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Alfred Hitchcock
Rod Taylor, Tippi Hedren, Jessica Tandy, Suzanne Pleshette, Veronica Cartwright
Writing Credits:
Evan Hunter

A wealthy San Francisco socialite pursues a potential boyfriend to a small Northern California town that slowly takes a turn for the bizarre when birds of all kinds suddenly begin to attack people.

Rated PG-13

Aspect Ratio: 1.85:1
English DTS-HD MA Monaural
French DTS Monaural
Spanish DTS Monaural
Supplements Subtitles:

Runtime: 120 min.
Price: $19.98
Release Date: 5/6/2014

• “All About The Birds” Documentary
• “Hitchcock’s Monster Movie” Featurette
• Deleted Scene and Original Ending
• Storyboard Sequence
• 'Tippi' Hedren's Screen Test
• Hitchcock/Truffaut Clip
• Two Newsreels
• Two “100 Years of Universal” Featurettes
• Production Photographs
• Trailer


Panasonic TC-P60VT60 60-Inch 1080p 600Hz 3D Smart Plasma HDTV; Sony STR-DG1200 7.1 Channel Receiver; Panasonic DMP-BD60K Blu-Ray Player using HDMI outputs; Michael Green Revolution Cinema 6i Speakers (all five); Kenwood 1050SW 150-watt Subwoofer.


The Birds [Blu-Ray] (1963)

Reviewed by Colin Jacobson (January 2, 2017)

Alfred Hitchcock demonstrates what we all know: icily beautiful blondes are the root of all evil. Whether they stimulate madness in some poor innkeeper or drive some miserable schlub to the point of self-destructive obsession, they always cause all sorts of difficulties!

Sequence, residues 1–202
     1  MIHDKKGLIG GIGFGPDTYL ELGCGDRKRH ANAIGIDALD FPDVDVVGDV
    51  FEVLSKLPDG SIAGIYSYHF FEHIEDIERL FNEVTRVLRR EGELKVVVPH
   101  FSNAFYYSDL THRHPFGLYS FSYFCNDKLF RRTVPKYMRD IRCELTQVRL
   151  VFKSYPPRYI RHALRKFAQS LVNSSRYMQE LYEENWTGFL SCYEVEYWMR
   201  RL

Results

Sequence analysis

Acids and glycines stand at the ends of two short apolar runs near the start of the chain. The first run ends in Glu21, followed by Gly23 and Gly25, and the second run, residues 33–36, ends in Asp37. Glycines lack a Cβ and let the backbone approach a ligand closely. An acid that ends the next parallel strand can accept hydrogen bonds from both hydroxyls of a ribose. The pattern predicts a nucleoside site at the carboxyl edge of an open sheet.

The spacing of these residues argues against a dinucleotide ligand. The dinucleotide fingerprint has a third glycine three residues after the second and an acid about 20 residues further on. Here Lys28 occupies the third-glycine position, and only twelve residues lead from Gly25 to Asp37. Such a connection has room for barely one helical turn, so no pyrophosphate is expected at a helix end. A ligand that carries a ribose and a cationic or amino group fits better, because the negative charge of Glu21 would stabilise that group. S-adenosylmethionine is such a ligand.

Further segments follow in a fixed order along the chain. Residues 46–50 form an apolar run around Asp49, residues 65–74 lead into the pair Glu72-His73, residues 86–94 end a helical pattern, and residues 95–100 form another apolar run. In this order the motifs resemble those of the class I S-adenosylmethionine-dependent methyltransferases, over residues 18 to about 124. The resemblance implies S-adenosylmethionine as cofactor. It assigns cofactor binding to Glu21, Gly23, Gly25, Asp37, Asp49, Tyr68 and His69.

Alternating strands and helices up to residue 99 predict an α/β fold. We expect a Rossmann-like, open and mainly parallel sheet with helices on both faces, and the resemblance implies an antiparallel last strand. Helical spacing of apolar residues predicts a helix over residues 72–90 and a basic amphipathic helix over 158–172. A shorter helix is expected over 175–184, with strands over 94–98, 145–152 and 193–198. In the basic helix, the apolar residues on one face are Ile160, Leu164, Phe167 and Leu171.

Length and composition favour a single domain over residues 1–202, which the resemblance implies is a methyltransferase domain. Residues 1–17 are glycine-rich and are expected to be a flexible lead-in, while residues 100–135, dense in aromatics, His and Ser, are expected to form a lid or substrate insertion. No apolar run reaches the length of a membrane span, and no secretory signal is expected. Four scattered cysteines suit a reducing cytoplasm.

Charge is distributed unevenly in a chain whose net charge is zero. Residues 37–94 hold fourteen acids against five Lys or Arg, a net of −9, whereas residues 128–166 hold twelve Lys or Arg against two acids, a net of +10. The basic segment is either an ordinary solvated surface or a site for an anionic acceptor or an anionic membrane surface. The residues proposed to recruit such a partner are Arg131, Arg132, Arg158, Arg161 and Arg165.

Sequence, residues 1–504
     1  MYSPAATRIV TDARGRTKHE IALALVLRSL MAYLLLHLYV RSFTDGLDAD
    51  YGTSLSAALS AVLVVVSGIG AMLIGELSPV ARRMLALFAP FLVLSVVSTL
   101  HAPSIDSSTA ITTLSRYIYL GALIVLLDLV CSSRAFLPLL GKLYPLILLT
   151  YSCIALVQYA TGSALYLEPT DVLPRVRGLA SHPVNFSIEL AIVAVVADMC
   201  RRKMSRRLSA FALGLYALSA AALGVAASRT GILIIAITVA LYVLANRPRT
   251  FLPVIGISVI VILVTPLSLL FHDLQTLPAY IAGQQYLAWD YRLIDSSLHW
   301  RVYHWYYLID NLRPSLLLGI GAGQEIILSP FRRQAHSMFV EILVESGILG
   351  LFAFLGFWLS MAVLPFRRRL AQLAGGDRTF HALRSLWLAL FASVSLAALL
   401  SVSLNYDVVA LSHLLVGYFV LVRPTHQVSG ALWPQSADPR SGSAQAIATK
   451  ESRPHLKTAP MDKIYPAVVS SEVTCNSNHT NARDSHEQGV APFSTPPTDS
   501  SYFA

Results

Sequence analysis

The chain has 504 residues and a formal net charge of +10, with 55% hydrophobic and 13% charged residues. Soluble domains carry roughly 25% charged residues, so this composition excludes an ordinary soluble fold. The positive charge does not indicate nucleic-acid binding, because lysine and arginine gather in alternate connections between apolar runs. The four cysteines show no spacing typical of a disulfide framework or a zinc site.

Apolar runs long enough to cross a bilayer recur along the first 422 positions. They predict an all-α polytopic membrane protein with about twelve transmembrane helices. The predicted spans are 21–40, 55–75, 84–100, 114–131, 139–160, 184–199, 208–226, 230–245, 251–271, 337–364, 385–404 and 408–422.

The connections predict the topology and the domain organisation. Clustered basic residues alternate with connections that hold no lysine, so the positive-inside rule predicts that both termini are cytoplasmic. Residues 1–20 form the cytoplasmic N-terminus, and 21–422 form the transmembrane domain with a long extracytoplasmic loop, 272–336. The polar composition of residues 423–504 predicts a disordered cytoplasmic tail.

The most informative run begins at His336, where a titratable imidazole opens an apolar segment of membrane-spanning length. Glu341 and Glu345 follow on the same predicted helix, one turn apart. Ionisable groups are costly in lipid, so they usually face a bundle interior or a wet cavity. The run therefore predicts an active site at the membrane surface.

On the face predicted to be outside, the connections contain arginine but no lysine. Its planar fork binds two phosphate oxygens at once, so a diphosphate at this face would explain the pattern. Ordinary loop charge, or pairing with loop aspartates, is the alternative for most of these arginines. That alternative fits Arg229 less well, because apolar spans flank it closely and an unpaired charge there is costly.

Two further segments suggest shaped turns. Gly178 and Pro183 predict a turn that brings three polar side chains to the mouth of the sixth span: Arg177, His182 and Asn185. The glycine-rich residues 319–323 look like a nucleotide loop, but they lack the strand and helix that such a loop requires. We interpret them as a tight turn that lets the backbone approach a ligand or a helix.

Things get even worse in The Birds, where the gorgeous but clearly insidious Melanie Daniels (Tippi Hedren) pretty much ignites the end of the world. Oh, the situation doesn't quite reach the absolute point of Armageddon, but it moves that way. Though the story doesn't explicitly state that Daniels is the cause of all the tumult, we know it's true!

Melanie Daniels (Tippi Hedren) “meets cute” with Mitch Brenner (Rod Taylor) at a San Francisco pet shop. Though he annoys her, she displays signs of infatuation and goes well out of her way to deliver a pair of lovebirds to his pre-teen sister Cathy (Veronica Cartwright).

This takes Melanie to the coastal town of Bodega Bay, and that’s where all hell breaks loose. Slowly but surely, random incidents seem to indicate that local birds attack citizens. Melanie and the Brenner family find themselves smack in the middle of the calamity.

I really like Psycho and think it's probably superior to The Birds as a film, but I don't find it to be scary. I think it's better as a perverse character study than as a true horror movie, largely because of the strength of Anthony Perkins' fantastic performance as Norman Bates.

On the other hand, The Birds delivers some solid chills and thrills. I can't say the movie freaked me out or anything, but it's been about 20 minutes since I finished watching it and I'm still about shaken by it. At the risk of sounding arrogant, horror films rarely affect me, but Birds gives us a genuinely frightening movie that definitely got to me.